Fans and friends of Chadwick Boseman are celebrating his legacy and remembering his life on the one-year anniversary of his death. The actor and playwright was at the peak of his career, before his tragic passing, and had achieved international fame for playing superhero Black Panther in the Marvel Cinematic Universe (MCU) from 2016 to 2019.
In 2016, Boseman was diagnosed with colon cancer. He kept his condition private, continuing to act and star in major movies in the industry. Sadly, tragedy struck in 2020 as the news of his demise hit social media. Fans were dumbstruck by this news, and there was a worldwide outcry for the movie legend.
Now, his death has ultimately shed more light on colon cancer and the risk it poses in black men. With awareness now on the rise, let’s find out if the Wakanda King’s death was avoidable.
What We Know About Colon Cancer
Statistics have shown that 1 in 23 black males will be diagnosed with colorectal cancer in their lifetime. This probability is slowly increasing over the years as observed by Dr. Ernest Jehangir, a colorectal surgeon at the Cayman Islands Health Services Authority.
“We’re beginning to see these cancers in young people and that is one of the lessons that this unfortunate death brings to light, is that we find that people are getting this cancer earlier than before,” Jehangir told the Cayman Compass in 2020.
He further stated that there is a high rate of colon cancer among the African-Caribbean population, and he wants Boseman’s death to spark more interest in people to go for checkups.
“I sincerely hope it will make an impact, and I hope that people will come forward for the screening for cancer,” he said.
Colon cancer typically starts as small clumps of cells (polyps) in the colon that are benign, the Mayo Clinic explains. There are usually no symptoms at first, but over time they modify to become cancerous cells.
As the polyps grow and cancer begins to spread, an infected person may notice symptoms such as an increase in diarrhea or constipation episodes for an abnormal time, or feeling like he/she/they haven’t emptied their bowels completely after going to the bathroom.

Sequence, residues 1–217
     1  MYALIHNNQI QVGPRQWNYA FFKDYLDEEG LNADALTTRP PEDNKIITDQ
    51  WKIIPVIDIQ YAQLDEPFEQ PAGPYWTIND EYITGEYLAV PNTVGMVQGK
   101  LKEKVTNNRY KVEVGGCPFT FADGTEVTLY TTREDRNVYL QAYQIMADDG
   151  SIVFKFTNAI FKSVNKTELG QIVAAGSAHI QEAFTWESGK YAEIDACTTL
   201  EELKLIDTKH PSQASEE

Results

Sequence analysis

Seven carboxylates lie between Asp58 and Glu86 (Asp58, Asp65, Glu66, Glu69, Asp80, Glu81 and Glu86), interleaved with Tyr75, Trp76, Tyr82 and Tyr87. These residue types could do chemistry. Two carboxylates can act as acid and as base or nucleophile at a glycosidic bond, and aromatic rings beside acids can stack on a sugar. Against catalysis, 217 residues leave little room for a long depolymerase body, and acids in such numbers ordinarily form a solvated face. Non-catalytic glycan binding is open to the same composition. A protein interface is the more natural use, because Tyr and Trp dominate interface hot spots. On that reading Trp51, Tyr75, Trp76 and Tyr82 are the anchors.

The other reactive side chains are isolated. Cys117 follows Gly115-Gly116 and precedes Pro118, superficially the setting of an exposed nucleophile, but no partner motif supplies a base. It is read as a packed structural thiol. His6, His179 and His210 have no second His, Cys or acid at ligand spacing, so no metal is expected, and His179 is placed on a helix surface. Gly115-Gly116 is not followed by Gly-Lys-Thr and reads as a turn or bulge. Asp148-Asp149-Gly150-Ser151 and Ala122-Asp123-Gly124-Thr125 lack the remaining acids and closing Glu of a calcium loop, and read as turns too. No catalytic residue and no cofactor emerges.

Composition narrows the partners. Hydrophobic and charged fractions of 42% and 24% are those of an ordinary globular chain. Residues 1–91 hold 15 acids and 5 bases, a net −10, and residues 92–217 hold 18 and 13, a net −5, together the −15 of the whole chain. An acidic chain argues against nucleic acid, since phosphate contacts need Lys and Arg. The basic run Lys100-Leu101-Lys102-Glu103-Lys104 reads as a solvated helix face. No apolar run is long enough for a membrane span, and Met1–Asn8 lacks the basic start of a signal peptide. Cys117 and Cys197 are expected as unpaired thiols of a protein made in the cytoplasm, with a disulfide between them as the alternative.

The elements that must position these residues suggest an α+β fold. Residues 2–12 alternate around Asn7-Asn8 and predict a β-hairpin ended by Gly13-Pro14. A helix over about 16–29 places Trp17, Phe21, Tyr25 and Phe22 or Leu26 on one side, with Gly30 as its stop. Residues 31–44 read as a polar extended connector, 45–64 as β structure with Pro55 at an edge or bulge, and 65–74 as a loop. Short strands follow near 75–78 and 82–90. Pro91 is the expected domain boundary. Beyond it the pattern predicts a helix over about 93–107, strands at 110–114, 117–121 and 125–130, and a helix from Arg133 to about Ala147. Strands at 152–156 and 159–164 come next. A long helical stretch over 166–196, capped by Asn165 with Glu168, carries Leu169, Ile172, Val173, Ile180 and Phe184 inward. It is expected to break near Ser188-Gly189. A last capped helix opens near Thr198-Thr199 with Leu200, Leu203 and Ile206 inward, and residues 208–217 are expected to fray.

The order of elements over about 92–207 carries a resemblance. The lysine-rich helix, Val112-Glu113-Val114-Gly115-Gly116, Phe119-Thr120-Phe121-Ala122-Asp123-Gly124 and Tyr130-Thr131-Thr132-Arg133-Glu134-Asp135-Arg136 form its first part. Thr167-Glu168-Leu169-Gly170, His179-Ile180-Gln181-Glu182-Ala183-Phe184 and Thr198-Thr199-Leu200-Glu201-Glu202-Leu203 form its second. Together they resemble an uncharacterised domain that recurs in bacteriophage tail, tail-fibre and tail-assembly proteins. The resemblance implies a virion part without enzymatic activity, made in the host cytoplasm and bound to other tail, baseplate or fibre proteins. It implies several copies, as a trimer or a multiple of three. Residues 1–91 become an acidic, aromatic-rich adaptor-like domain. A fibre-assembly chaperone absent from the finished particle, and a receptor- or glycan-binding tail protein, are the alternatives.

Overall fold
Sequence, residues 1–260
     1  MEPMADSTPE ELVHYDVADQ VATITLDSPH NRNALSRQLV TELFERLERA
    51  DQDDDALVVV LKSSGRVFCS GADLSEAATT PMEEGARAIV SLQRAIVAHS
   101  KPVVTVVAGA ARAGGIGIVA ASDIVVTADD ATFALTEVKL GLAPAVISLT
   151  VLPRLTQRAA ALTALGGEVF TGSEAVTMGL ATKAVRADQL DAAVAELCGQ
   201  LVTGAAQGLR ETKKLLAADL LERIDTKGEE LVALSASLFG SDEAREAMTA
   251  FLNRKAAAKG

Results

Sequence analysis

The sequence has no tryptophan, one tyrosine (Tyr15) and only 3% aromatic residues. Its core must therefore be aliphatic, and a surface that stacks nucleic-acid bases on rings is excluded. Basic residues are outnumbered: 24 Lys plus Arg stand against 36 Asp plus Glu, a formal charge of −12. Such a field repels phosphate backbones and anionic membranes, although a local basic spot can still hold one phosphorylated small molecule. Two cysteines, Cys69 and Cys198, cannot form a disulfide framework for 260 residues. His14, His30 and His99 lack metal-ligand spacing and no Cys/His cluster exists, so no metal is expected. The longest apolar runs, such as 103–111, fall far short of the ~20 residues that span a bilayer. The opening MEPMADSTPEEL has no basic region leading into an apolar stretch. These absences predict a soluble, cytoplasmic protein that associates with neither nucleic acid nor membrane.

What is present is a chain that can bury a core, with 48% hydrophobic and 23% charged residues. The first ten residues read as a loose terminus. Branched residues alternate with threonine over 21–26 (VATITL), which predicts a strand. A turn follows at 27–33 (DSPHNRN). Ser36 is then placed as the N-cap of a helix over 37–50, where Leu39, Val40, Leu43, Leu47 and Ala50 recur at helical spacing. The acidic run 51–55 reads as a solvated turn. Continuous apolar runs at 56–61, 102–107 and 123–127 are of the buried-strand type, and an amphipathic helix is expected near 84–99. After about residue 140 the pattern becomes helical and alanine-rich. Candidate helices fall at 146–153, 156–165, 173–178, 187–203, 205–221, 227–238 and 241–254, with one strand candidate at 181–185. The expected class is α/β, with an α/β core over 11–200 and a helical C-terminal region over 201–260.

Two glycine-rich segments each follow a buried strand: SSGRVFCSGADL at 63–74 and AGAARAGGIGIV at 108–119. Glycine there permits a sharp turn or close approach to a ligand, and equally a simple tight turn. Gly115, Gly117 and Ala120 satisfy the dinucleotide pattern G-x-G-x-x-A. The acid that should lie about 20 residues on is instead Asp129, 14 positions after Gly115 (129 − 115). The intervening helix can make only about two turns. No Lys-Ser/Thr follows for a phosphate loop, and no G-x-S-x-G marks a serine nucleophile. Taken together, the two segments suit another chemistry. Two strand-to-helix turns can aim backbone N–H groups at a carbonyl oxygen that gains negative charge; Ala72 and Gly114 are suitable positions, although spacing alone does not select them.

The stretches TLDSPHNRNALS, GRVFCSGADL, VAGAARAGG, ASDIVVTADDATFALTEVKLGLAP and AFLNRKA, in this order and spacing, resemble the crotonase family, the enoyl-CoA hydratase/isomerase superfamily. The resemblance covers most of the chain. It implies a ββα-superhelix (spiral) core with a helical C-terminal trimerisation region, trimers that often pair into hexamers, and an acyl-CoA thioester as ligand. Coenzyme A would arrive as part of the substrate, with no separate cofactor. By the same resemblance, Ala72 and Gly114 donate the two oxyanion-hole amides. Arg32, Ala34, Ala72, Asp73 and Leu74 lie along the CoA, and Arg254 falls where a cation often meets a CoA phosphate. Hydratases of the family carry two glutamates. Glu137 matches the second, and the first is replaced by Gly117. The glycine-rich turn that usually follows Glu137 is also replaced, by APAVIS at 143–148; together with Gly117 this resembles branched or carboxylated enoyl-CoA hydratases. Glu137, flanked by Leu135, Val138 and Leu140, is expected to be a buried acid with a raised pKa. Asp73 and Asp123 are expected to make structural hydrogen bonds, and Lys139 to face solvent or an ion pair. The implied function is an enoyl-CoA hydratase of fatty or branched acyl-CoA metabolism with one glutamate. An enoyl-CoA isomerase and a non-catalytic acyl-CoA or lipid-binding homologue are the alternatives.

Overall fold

The precise symptoms of an individual mostly depend on the size of their cancer and its exact location in the body.
Early Detection Can Save One’s Life
By the time Boseman was diagnosed with the ailment, it had progressed to stage III, which eventually became stage IV before 2020. He only had the possibility of managing it, while knowing that death was imminent.
To avoid this in younger generations, medical checkups should be carried out regularly to check one’s body for irregularity. Colon cancer is reportedly the second-leading cause of cancer-related deaths in the U.S and is on the rise.
A trip to the doctor would involve a colonoscopy which is the most effective way of detecting colon cancer. It entails inserting a long flexible tube, with a camera at the tip, into the rectum to scan for abnormalities throughout the entire colon.
While the procedure may make patients apprehensive (no one really wants a tube pushed into their a**s,) it is key for the detection of cancerous polyps. The colonoscopy takes about 30 to 40 minutes and patients are usually sedated when it is performed.
Why not book that doctor’s appointment today.
Risks and Treatments
Although the exact cause of colon cancer is not yet known, a high fat and low fiber diet is a major predisposition to it. Smoking, alcohol, family history, and advanced age also play a huge role.
More so, chronic inflammatory diseases such as inflammatory bowel disease and inherited gene mutations are also factors that could trigger colon cancer in men and women.
Treatment for colorectal cancer, Jehangir said, is almost entirely surgical, although there may be additional treatments, such as chemotherapy and radiotherapy.
“So, once we find the tumor, we will then offer a patient surgery and we usually do the keyhole method… which is a laparoscope,” Jehangir explained.
The cure rate for cancers in stage one is nearly 95%, he said, whereas if it is caught at stage four, there is a less than 5% cure rate.
There are some things a person can do to help forestall the ailment. Awareness of the risk factors for colon cancer, to monitor oneself for any changes in bathroom habits is very important.
Screening for people older than 50 years, those with a family history of colon cancer, drinking alcohol in moderation, healthy eating– fruits and vegetables, quitting smoking, and exercising regularly also reduces the risk on average.
Ultimately, if diagnosed, a person should hope it is only in its early stages as early detection almost ensures survival.
“So, that is the headline figure. If we catch it early, we can treat it well. If you catch it late, then I’m afraid not,” Jehangir concluded.